TEHRAN: Iranian authorities have blamed ‘Blue Whale’ for suicide by two teenaged girls.
In the first reported incident of its kind in Iran, police said the two young women jumped from a bridge in the central city of Isfahan, leaving them dead.
Some Iranian politicians have responded to the Blue Whale report with calls to further bolster the authorities’ control over the Internet.
Mehdi Masoom Beigi, the police chief of Isfahan, said the authorities discovered an audio message purportedly recorded by the girls in which they bid goodbye to their parents and revealed they would take their lives to complete the Blue Whale game, according to Mizan Online, the judiciary news agency.
Iran’s communications and information-technology minister, Azari Jahromi, said on Instagram on October 22 that the incident was “shocking” and urged more parental supervision over teenagers’ use of social media.
In September, Jahromi said Blue Whale was inspired by “satanic ideas” and vowed his ministry would try to prevent its penetration in Iran by tightening its grip over the Internet.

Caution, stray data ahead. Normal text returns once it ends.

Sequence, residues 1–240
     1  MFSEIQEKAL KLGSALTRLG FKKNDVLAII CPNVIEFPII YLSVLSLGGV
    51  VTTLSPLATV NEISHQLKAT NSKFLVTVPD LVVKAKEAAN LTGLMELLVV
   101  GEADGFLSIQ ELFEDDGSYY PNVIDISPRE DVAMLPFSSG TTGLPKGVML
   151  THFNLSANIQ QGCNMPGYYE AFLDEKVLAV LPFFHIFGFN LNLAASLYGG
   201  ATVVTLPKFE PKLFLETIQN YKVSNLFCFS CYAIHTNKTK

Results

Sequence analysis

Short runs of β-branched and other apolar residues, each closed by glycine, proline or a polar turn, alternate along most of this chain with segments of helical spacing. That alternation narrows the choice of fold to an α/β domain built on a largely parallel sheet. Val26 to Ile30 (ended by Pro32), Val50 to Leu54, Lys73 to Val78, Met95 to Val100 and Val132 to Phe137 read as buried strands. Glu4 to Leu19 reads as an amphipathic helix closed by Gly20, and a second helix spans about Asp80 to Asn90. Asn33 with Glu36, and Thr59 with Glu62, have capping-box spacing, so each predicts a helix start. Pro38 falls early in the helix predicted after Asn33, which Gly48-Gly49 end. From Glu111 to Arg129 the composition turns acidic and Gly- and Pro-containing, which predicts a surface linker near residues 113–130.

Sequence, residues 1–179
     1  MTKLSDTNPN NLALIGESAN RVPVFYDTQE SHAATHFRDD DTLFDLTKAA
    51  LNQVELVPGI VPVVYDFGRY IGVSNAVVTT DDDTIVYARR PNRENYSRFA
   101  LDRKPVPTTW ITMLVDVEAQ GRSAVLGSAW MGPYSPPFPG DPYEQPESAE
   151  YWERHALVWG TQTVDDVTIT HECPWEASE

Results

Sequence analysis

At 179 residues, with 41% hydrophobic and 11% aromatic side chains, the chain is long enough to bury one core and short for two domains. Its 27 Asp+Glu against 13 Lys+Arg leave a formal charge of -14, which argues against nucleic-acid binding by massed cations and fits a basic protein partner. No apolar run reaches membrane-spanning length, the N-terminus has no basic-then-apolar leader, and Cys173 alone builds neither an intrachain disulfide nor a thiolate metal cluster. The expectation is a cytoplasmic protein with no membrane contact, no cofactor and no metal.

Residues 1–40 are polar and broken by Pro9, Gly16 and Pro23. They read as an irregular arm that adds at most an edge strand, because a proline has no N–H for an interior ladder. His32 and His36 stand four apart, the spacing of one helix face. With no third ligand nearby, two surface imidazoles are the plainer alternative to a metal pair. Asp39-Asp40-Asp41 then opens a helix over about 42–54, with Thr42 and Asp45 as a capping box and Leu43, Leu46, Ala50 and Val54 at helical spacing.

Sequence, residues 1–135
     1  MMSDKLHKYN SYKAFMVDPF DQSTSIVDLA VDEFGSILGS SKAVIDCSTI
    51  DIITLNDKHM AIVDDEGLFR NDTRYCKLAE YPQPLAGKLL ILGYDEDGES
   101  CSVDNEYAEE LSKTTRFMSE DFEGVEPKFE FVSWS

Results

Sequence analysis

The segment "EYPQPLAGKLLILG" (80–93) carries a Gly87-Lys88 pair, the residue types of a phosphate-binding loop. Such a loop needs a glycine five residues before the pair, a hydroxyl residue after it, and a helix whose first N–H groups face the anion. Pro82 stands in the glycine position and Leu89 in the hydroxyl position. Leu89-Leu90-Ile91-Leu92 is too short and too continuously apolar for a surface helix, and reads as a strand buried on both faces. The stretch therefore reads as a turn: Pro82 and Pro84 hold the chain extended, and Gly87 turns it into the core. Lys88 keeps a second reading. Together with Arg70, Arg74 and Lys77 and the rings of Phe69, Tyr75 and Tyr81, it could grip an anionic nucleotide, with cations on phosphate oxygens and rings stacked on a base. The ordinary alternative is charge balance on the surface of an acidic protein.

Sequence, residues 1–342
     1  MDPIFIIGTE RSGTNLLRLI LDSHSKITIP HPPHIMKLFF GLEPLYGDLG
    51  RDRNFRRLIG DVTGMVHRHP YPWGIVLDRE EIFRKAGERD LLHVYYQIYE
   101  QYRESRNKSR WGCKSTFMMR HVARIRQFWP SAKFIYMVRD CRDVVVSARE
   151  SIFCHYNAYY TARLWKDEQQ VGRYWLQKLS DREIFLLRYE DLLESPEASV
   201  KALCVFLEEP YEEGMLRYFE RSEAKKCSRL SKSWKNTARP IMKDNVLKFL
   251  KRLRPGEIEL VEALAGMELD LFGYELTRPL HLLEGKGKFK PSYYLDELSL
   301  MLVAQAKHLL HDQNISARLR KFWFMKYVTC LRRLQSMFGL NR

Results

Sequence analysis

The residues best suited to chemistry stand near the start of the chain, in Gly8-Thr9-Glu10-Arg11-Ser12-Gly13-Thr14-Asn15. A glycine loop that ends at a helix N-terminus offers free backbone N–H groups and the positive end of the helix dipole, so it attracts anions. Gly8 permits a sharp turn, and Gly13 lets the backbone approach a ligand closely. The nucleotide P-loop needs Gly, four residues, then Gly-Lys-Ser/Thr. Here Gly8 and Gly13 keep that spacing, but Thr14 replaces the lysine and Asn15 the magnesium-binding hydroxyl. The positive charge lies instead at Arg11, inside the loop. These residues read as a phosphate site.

In recent years, the Islamic republic has blocked access to YouTube and Western social networks such as Facebook and Twitter. That has led Iranian authorities to create one of the largest Internet filters in the world, although its citizens continue to access Western websites through tools like virtual private networks (VPNs), on which the authorities have clamped down.
Blue Whale appears to have started on VKontakte, a social-networking site widely used in Russia.
In a much-criticized article published in May, Russian newspaper Novaya Gazeta claimed that the “vast majority” of the roughly 130 youth suicides in Russia between November and April 2016 were tied to Blue Whale.
Subsequent reports have debunked that assertion, and law enforcement and other experts have expressed caution over ascribing any deaths to the game.
Many Russian activists have argued for a greater focus on the factors that drive young people’s interest in such games, while many politicians have argued the phenomenon should lead to more online restrictions. [www.rferl.org]